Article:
June 15, 2019
June 15, 2019
June 19, 2019
Delivering Multi-Disciplinary Experiences in Education: A Study of Construction Program Practices to Meet Accreditation Requirements
This paper will present findings of research intended to identify how construction programs are approaching accreditation requirements related to multi-disciplinary collaboration by the American Council for Construction Education. Construction education is seeing an increased emphasis in demonstrating student achievement of learning outcomes. The recent move to outcomes-based accreditation by the American Council for Construction Education (ACCE) requires programs to utilize assessments to demonstrate student achievement of specific student learning outcomes (American Council for Construction Education 2016). The standard dictates that at least one of these must be a direct assessment. This has caused many construction programs to consider different types of assessments to meet accreditation requirements. In order to execute the student learning outcomes for a given class, the instructor of record is charged to create a direct assessment that correlates to the cognition level required in the outcome. Arguably, the most difficult outcome to assess from the ACCE requirements falls under SLO #9: Apply construction management skills as a member of multi-disciplinary team. The vague nature of the requirement has led many schools to approach the execution of this SLO in a multitude of different directions, causing visiting teams to evaluate programs inconsistently during accreditation reviews. Recent ACCE meetings have given particular attention to this specific SLO – providing training workshops and discussion sessions to consider appropriate and possibly inappropriate methods for addressing this SLO. Despite these efforts, there is still a great deal of question among construction programs about how to address this outcome. What is known, is that many schools are attempting to address this SLO in manners they see fit based on their interpretation of what SLO #9 means. This paper presents research that analyzes the method in which ACCE schools are attempting to address teamwork and construction related accreditation requirements. The goal was to identify “best-practices” as means to develop learning modules and related assessments that can be used as guide for schools to address the SLO. Further, the findings are hoped to be used to develop learning modules that provide multi-disciplinary learning experiences authentic to what students will encounter in their construction career. This research is expected to benefit programs accredited by ACCE through expanding understanding about how SLO#9 is being approached, along with related advantages and disadvantages. This is a significant contribution to the construction education community given ACCE is one of the largest accrediting body for construction education programs in the United States. There are currently 86 programs accredited, and 18 programs seeking accreditation by the organization. Beyond construction education, outcomes of this research will also be beneficial to the engineering and architecture disciplines as their accreditation models also follow an outcomes-based approach that also contain requirements for addressing multi-disciplinary collaboration. The research will also help identify programs that do collaborate with these disciplines as a means to address SLO#9.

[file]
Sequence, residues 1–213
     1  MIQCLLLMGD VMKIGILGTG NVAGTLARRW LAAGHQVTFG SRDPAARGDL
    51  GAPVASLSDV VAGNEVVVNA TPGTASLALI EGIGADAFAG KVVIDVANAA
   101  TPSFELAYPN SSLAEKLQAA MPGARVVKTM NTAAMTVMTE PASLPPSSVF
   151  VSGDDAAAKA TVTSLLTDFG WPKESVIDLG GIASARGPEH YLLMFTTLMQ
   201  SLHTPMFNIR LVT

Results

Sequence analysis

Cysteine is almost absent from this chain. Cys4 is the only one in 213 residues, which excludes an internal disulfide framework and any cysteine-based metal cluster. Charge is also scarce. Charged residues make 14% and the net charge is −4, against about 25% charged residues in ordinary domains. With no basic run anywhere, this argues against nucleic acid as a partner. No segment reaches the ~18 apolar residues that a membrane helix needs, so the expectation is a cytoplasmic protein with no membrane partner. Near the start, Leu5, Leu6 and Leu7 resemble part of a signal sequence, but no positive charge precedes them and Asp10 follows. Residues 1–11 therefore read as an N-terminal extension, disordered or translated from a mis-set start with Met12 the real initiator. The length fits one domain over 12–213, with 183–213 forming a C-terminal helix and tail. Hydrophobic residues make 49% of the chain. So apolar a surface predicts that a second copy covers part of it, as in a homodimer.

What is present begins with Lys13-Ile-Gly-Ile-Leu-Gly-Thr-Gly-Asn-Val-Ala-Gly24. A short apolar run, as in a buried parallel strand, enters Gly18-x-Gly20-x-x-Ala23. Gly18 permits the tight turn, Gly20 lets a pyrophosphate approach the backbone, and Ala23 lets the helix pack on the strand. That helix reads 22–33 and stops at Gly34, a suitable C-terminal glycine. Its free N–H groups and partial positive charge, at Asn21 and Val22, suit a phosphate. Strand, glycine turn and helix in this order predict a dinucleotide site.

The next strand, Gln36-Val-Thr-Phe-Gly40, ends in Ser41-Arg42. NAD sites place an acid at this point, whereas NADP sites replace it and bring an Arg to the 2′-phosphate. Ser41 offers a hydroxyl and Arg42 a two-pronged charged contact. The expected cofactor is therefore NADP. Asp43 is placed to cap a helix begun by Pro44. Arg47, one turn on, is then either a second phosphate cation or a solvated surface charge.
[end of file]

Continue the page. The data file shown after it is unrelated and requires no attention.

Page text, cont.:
Leathem, T. M., & Wetzel, E. M. (2019, June), Delivering Multidisciplinary Experiences in Education: A Study of Construction Program Practices to Meet Accreditation Requirements Paper presented at 2019 ASEE Annual Conference & Exposition , Tampa, Florida. https://peer.asee.org/32581
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